Focus on Privacy Continues, Gmail Gets Update

Mark Koschmeder
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Sending an email seems like a secure process. Type in your user name and password. Then, compose the message and press send. Email privacy, however, is not as secure as some might believe – especially for Gmail users.

Generally, email privacy has always been more relaxed than most people realize. Whenever an email is sent, it must pass through three different channels: the sender, the receiver and the Internet service provider. The ISP catalogues emails, which indicates that the emails you thought were deleted are retrievable, even if the emails are from months or years ago. Furthermore, emails are vulnerable to alteration while in transit.

In this regard, email privacy always has been an issue. However, this is not the problem that has been causing backlash for Gmail, Google’s popular email service. Gmail, which has over 500 million users, has faced email privacy lawsuits in the United States and Europe for scanning emails. The email service is free, but it displays ads in the sidebar. To display relevant ads or ads that potentially interest its users, Gmail scans emails for content. It then indexes the messages and uses the data it mines to display relevant ads. In 2004, when Gmail officially launched, email privacy laws were more relaxed. Although the rules and regulations have been growing stronger as Google and other social media outlets continue to straddle the line of privacy invasion, Gmail privacy problems continue to surface.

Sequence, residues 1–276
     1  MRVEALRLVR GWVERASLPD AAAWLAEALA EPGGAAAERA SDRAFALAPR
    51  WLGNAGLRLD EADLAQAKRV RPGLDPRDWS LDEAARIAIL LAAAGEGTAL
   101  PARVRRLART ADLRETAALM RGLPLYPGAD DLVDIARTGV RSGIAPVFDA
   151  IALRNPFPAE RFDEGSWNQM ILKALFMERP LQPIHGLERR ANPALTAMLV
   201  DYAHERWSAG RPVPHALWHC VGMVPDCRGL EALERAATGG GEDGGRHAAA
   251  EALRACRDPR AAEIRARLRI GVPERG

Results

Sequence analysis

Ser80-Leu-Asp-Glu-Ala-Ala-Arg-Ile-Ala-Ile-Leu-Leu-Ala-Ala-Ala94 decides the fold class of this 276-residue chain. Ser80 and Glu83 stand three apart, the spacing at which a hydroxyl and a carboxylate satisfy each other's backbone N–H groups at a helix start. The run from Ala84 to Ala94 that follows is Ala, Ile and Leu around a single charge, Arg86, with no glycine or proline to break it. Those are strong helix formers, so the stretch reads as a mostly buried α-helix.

In January 2014, Google informed users that an email address is no longer required to email another Gmail user. Google plans to make it easier to email other Google+ users by adding a feature to Gmail called “Email via Google+.” Many users expressed concern about this Gmail privacy issue because it is not opt-in. Instead, Gmail and Google+ users are already subject to accessibility via this feature. If you do not want people to email you, then you must opt out of this feature.

Google’s policy update for iOS7 creates more Gmail privacy problems. In April 2014, Google quietly updated its policy to integrate iOS Gmail functions with Google's other programs. Gmail users on iOS are now automatically logged into YouTube, Google+ and Google Hangouts. This process makes it easier to track user activity by tracking users across each Google platform. Why did Google announce an update of its policy? Companies that collect personal information from their customers and users must inform their users of how they are using the information. Google's policy update consolidates all the policies into a single policy, which makes this action legal.

If email privacy or privacy in general is important to you, read the policies of the programs that you frequently use. Companies update privacy policies periodically, and it is important to read the updates to stay informed of the changes. Once you are aware of the changes, make an informed decision and decide whether you still want to use the service.


(Photo courtesy of Stuart Miles /


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